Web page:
There is an inherent feeling among many in this country that an
African-American should not be president.
” – former President Jimmy
Carter, responding Tuesday to a question at a town hall meeting in


This is the column I wanted to avoid.

It seems silly, after all, to waste time debating the existence of
racism in America. But on Tuesday, former President Jimmy Carter forced
my hand.

At a town hall meeting in Atlanta, the man from Plains,
Ga., said what nearly every black American – and, I suspect, most
whites – inherently knew: that much of the animosity demonstrated
toward President Obama has as much to do with race as it does with

(And, just as he should have done as president of the United States, Obama on Wednesday disavowed Carter’s assertion.)

Carter was right, of course, but he didn’t go far enough.

What he failed to explain, or possibly even grasp, is that fear and power are also at play.

Here’s what I mean:

If Census projections hold, somewhere around the year 2050, the U.S.
population will swell to nearly 450 million people, and non-Hispanic
whites will account for just 47 percent of that total.

In other
words, for the first time in recent American history, whites of
European descent will be a minority here. And just as an Autumn chill
foretells the coming winter, Obama’s presidency is, for some, a
frightful confirmation of that predicted shift in power.

That’s what those signs are all about: “We want our country back.”

I witnessed something akin in South Africa in 1994, just before the
election of Nelson Mandela, when fearful whites in that “Rainbow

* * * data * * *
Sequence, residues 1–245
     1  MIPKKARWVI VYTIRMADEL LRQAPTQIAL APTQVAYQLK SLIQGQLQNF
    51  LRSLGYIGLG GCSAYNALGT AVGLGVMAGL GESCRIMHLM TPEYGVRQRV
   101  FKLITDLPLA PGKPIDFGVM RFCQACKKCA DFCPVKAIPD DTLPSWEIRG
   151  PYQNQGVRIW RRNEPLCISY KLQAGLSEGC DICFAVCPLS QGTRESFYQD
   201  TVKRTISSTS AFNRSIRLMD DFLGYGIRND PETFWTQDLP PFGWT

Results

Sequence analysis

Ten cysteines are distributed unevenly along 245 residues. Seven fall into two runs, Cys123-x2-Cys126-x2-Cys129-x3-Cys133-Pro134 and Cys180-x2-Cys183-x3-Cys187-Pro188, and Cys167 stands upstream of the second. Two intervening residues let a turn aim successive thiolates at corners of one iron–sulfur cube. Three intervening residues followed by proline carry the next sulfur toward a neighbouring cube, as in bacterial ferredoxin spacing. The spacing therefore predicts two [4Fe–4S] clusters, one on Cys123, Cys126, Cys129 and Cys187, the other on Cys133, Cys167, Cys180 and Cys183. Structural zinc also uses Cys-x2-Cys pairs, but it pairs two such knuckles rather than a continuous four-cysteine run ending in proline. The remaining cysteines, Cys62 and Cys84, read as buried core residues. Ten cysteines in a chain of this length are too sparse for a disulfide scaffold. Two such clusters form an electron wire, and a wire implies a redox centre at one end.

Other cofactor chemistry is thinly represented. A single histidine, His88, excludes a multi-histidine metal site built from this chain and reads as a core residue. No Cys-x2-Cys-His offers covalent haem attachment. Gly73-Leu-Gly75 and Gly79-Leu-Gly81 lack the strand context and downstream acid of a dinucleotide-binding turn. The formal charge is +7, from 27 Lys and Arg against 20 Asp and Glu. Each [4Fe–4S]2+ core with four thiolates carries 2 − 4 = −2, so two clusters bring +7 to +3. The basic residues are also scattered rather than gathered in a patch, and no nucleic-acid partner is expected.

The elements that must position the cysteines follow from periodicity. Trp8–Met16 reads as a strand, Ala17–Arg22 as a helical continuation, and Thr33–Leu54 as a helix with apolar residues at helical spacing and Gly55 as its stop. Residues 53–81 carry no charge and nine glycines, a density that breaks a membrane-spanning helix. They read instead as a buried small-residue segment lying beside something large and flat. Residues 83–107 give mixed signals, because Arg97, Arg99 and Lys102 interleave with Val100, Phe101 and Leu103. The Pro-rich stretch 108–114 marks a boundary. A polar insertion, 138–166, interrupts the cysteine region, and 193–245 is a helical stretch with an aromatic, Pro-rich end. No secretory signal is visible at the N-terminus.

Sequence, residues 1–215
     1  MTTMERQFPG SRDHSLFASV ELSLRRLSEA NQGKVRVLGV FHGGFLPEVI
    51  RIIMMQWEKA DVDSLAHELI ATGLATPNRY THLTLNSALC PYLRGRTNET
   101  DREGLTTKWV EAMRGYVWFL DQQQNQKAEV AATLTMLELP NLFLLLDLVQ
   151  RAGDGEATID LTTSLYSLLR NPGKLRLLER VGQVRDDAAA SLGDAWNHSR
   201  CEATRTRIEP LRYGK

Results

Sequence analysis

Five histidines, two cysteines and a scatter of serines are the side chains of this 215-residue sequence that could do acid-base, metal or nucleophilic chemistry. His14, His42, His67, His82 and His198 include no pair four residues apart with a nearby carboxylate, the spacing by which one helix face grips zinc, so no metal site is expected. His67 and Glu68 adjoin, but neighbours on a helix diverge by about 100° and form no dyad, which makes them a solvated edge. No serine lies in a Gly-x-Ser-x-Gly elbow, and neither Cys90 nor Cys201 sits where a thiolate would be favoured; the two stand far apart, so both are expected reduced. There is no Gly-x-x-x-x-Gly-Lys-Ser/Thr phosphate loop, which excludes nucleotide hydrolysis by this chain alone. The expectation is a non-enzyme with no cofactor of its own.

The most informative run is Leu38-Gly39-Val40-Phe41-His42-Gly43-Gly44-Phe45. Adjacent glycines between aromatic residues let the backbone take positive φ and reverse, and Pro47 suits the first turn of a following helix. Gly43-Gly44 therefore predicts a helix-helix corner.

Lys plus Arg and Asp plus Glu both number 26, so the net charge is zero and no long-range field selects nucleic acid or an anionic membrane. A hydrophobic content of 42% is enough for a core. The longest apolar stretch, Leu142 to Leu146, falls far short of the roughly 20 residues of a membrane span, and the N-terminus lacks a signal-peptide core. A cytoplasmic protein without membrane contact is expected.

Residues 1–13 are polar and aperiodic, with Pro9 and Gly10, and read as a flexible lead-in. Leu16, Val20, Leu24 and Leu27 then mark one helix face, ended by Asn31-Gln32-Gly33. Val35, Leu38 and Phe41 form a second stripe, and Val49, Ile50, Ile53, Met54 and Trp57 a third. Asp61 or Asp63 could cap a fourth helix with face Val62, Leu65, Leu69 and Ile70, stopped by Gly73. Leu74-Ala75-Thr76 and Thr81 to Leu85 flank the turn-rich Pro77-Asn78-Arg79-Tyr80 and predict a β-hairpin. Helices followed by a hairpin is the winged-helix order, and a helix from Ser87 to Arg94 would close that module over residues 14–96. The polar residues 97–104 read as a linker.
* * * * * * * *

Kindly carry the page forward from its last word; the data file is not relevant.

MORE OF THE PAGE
Nation” held their own brand of town hall meetings.

To be sure,
not every critic who disagrees with Obama should be branded a racist.
Our nation can ill afford to stifle debate on public policy with
unfounded shouts of “Racism!” Hillary Clinton, too, was vilified when
she sought to change the nation’s health care system.

On the
other hand, as Carter also said, it’s hard to explain – aside from the
presence of racism – why those who most vehemently oppose Obama must
resort to such mean and insulting attacks. During last year’s campaign,
you might recall, some preachers on the “Christian Right” went so far
as to tell their congregants that Obama was actually the anti-Christ.

Such slurs have no place in honest political debate.

For all the proud history he made, Obama is to the U.S. presidency what
Jackie Robinson was for baseball – a pioneer, the first.

Future black commanders-in-chief – and there will be others — will pay homage to him for blazing this uncomfortable trail.

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